Controls are improved now (allowing Sophia to fire at an angle, for example) and the stages are modified in many ways. There's even a new map system and save points here - modern sensibilities we take for granted, but simply weren't there back in the day. When you stack it up against the NES original, it immediately becomes clear that a lot of changes have been made. Sophia now has an idle animation, grass blows in the wind and detailed backgrounds fill the environment. When you hit the ground, little plumes of smoke and dust are kicked up while weapons produce a beautiful neon shot.
The parallax scrolling added to the game is truly beautiful as well, with a huge number of layers that can overlap smoothly. Once you jump into the top down maps, things improve further with greatly enhanced sprite-work and fleshed out visuals. It certainly helps give these areas some additional character. It also runs more smoothly. The original game operates at 60fps but many scenes trigger significant slowdown. That is not the case with Blaster Master Zero, which delivers a perfectly stable frame-rate. Blaster Master Zero is also available on 3DS where we understand that it's much the same game - albeit with a 30fps lock.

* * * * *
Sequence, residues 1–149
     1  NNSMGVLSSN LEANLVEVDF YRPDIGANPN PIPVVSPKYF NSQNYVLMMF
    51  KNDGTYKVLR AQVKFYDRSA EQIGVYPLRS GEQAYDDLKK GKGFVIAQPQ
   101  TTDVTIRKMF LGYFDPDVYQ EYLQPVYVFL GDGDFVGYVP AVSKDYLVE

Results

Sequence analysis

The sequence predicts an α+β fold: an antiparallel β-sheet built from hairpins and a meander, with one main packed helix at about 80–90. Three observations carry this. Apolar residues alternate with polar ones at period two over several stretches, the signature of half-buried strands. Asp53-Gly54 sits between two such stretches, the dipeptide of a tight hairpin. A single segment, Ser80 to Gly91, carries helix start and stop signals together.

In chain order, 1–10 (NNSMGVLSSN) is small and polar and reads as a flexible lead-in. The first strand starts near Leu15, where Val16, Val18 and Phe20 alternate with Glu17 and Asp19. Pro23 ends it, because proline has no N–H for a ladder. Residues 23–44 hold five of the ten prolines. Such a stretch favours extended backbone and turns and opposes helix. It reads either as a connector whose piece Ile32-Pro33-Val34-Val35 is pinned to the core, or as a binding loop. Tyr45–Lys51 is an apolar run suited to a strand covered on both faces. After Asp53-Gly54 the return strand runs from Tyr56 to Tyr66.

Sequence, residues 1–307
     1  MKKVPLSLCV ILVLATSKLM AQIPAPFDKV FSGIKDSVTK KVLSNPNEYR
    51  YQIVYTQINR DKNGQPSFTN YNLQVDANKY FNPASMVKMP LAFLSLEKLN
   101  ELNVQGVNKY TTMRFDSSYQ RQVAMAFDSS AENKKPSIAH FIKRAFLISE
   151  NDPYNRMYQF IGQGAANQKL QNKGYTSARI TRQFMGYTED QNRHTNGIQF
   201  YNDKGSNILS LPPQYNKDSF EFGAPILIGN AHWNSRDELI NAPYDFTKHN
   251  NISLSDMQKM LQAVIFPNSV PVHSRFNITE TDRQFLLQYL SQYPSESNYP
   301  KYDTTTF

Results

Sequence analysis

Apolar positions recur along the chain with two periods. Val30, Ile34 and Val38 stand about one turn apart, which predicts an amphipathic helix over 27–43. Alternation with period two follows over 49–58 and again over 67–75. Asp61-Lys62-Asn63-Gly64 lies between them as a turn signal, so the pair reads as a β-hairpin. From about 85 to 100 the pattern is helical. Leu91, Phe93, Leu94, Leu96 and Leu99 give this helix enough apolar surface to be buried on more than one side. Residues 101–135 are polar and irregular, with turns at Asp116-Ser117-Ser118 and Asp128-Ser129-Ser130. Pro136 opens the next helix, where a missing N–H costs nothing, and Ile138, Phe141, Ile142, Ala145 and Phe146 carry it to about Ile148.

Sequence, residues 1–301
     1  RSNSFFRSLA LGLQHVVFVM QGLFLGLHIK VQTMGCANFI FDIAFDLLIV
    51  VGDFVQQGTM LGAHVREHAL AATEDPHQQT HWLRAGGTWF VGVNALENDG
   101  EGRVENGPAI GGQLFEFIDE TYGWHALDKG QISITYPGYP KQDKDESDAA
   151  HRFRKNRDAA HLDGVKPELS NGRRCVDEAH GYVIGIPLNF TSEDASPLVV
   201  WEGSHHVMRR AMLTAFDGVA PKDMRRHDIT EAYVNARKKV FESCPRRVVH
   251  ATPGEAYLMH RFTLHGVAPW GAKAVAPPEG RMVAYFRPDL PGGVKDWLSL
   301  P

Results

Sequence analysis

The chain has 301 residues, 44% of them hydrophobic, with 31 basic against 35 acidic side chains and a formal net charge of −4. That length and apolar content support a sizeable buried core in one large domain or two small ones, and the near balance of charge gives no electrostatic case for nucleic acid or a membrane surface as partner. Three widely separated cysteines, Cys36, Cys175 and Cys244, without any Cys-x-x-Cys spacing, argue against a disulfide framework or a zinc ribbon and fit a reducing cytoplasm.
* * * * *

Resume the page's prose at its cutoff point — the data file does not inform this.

Unfortunately, there is one disappointing issue with the game on Switch - it uses non-integer scaling. We covered something similar back in the DF Retro Symphony of the Night episode where every fourth pixel was an extra pixel wide leading to distorted artwork. In this case, the resulting artefacts from this improper scale result in noticeable shimmering and distortion while scrolling. It's distracting in docked mode but is noticeably worse when playing the Switch in portable mode. But the positives far outweight the negatives here. Take the soundtrack, for example. The main theme from the original game is retained but most of it is brand new. What's interesting here is that all the music has been create to sound quite like audio produced by the Sunsoft 5B audio chip that was used in NES classic, Gimmick. It certainly sounds great.
Ultimately, though, Blaster Master Zero is exactly the follow-up we've been waiting for. For our money, this is the best Blaster Master game released to date and the first one to exceed the original in all areas. It feels almost like a sequel lost in time. Although it's running on modern hardware, Blaster Master Zero still feels like a sequel lost in time, the game we should have had back in the Super NES era, but only 'now' discovered. It feels old-school but in the right ways, still feeling fresh and fun today. Put simply, if you're new Switch owner and a retro enthusiast, Master Blaster Zero is an essential purchase.